Some costumes may include specific footwear such as heeled shoes or shoe coverings, however these can not only make walking difficult, and can even be dangerous if they cause you or your children to trip and fall.
Instead, choose sensible footwear that fits well and is comfortable. You want to prevent falls and to make sure everyone’s feet are comfortable enough to last the entire evening.
Another thing that can make walking difficult is oversized or ill fitting costumes. Extra fabric or loose pieces of a costume are a hazard that can easily be remedied by choosing properly fitting costumes and altering loose or hanging pieces so they are less of a concern.
Do They Have a Walking Buddy?
The general consensus is that children 12 years of age and younger should always be accompanied by an adult when out on Halloween night. Those who are older and choose not to be accompanied by an adult should have at least one walking budding with whom they go out on Halloween night and stick with for the entire evening.
Safety comes in groups since the little goblins and witches are easier to see, and less likely to be overlooked, compared to a single person. In general, groups of three to six are ideal.
Are They Going to Dark Houses?
Whether your child is accompanied by an adult or not, be sure that they know only to approach houses that are well lit. Houses that are not well lit are generally not only choosing to forgo Halloween celebrations, but can also be safety threats as it can be difficult to see potential hazards such as debris, slippery surfaces, or animals who may not be so friendly.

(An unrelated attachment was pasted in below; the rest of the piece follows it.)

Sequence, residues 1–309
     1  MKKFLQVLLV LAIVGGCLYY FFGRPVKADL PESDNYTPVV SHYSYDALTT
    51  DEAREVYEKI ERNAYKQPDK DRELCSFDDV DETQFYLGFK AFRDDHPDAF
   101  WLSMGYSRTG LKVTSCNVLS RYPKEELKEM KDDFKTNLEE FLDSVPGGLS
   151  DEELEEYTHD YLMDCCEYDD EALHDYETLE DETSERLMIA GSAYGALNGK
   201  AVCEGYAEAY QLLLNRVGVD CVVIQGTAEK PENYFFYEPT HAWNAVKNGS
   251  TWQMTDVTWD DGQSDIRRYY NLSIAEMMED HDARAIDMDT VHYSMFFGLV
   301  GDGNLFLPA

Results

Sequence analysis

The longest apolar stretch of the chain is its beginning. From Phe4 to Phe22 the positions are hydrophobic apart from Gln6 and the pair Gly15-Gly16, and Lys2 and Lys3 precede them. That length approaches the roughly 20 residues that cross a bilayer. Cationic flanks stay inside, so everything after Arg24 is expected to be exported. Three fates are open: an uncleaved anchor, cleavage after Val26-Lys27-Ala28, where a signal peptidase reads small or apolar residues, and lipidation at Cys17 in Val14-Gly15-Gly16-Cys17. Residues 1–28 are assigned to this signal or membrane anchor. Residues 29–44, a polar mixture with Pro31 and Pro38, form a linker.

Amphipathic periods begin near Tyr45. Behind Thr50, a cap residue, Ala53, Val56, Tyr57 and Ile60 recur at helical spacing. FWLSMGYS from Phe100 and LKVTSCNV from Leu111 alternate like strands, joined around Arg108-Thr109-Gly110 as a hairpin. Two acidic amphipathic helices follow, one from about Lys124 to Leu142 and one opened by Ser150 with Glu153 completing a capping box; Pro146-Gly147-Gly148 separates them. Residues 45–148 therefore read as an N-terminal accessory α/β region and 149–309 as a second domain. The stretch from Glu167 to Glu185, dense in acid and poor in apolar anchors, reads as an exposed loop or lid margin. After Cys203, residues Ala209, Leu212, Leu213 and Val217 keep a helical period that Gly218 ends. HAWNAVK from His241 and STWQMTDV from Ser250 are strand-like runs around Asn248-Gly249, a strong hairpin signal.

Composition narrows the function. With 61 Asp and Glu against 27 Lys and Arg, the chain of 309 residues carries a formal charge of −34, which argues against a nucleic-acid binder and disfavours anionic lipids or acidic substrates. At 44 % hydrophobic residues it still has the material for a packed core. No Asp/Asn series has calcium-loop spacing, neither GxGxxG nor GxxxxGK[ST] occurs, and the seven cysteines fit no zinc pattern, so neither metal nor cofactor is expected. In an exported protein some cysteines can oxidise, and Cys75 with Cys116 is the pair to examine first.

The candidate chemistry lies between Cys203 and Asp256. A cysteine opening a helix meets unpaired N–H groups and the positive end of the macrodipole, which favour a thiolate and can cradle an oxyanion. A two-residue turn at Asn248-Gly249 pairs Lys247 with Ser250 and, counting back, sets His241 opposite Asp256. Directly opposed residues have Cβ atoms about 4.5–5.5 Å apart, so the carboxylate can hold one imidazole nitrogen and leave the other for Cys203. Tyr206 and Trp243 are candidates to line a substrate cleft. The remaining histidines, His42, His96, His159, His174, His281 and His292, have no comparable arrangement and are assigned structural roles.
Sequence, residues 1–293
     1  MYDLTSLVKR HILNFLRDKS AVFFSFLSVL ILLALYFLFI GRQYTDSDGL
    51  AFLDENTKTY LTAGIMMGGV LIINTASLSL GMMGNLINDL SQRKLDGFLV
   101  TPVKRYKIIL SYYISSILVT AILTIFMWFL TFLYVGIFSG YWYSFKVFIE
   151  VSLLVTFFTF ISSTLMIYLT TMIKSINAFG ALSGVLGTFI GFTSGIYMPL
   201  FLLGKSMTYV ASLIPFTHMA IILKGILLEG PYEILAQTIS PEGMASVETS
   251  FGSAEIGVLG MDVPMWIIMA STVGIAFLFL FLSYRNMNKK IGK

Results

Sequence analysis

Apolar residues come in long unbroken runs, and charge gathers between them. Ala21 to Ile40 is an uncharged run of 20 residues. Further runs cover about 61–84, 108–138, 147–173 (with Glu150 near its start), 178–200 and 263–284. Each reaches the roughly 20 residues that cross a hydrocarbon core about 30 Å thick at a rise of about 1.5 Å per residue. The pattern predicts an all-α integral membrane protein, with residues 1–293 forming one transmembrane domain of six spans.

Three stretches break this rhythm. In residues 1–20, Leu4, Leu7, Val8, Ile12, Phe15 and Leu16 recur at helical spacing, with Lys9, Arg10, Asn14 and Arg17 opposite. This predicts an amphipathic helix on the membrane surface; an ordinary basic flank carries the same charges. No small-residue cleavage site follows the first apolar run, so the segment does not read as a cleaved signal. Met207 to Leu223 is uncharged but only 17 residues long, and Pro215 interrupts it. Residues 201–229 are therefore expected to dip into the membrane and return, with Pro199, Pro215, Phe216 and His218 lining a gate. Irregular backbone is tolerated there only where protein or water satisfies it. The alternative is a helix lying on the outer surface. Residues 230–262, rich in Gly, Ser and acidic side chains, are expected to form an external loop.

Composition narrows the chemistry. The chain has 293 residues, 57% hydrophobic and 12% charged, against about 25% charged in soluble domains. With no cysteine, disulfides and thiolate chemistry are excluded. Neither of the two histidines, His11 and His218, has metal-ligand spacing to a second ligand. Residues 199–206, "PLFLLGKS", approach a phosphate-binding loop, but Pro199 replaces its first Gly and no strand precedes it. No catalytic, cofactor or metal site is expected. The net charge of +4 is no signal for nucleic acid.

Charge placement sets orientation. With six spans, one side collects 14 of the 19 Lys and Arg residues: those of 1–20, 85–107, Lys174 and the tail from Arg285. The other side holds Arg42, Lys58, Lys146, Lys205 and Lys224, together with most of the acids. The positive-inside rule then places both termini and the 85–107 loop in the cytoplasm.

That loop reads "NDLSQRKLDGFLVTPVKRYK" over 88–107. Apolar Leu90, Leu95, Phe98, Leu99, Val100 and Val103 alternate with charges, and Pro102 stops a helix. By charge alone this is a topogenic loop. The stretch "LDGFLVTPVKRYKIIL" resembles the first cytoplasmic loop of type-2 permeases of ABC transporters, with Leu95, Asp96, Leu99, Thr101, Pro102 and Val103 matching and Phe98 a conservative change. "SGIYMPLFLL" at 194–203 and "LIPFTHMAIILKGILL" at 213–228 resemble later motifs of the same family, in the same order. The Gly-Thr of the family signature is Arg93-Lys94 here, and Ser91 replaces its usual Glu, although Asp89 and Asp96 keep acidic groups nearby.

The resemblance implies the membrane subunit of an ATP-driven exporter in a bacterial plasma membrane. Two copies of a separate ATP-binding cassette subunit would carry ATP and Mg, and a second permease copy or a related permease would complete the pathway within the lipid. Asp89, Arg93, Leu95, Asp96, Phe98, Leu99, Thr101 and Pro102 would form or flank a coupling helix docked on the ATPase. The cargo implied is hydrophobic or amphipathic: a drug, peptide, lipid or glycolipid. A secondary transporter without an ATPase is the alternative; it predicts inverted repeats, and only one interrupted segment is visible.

Do They Know the Route?
If your child is going out on Halloween without an adult, you’ll want to have a conversation with them about the route they plan on walking. Planning out where they are going ensures that they don’t get lost and that you know the areas they will be.
Be sure that you discuss how to cross streets, and that they know to use pedestrian crosswalks (“look both ways!”), making sure that the drivers are stopped before trying to cross.
Can They Get in Contact With You?
Regardless of whether children are going out on Halloween with another adult or with their friends, be sure that they know how to get in contact with you, and will do so, should they change their walking route.
This does not necessarily mean that your child needs a cellphone of their own, but in the event that they don’t it might be advisable to borrow one or trick or treat with someone who does..
Will They be Snacking?
Talk to your children about only eating candy that is properly sealed and only doing so once they return home, under your supervision.
There are two main reasons for this: the first is that if your child has any allergies you can monitor what exactly they are eating, and the second is that you can check for any hazards or breakages in packaging that can pose a potential threat to your child which may otherwise go unnoticed.
We hope that this has helped with your Halloween preparedness, and that you and your little ones are set to have the best night out possible. Have fun!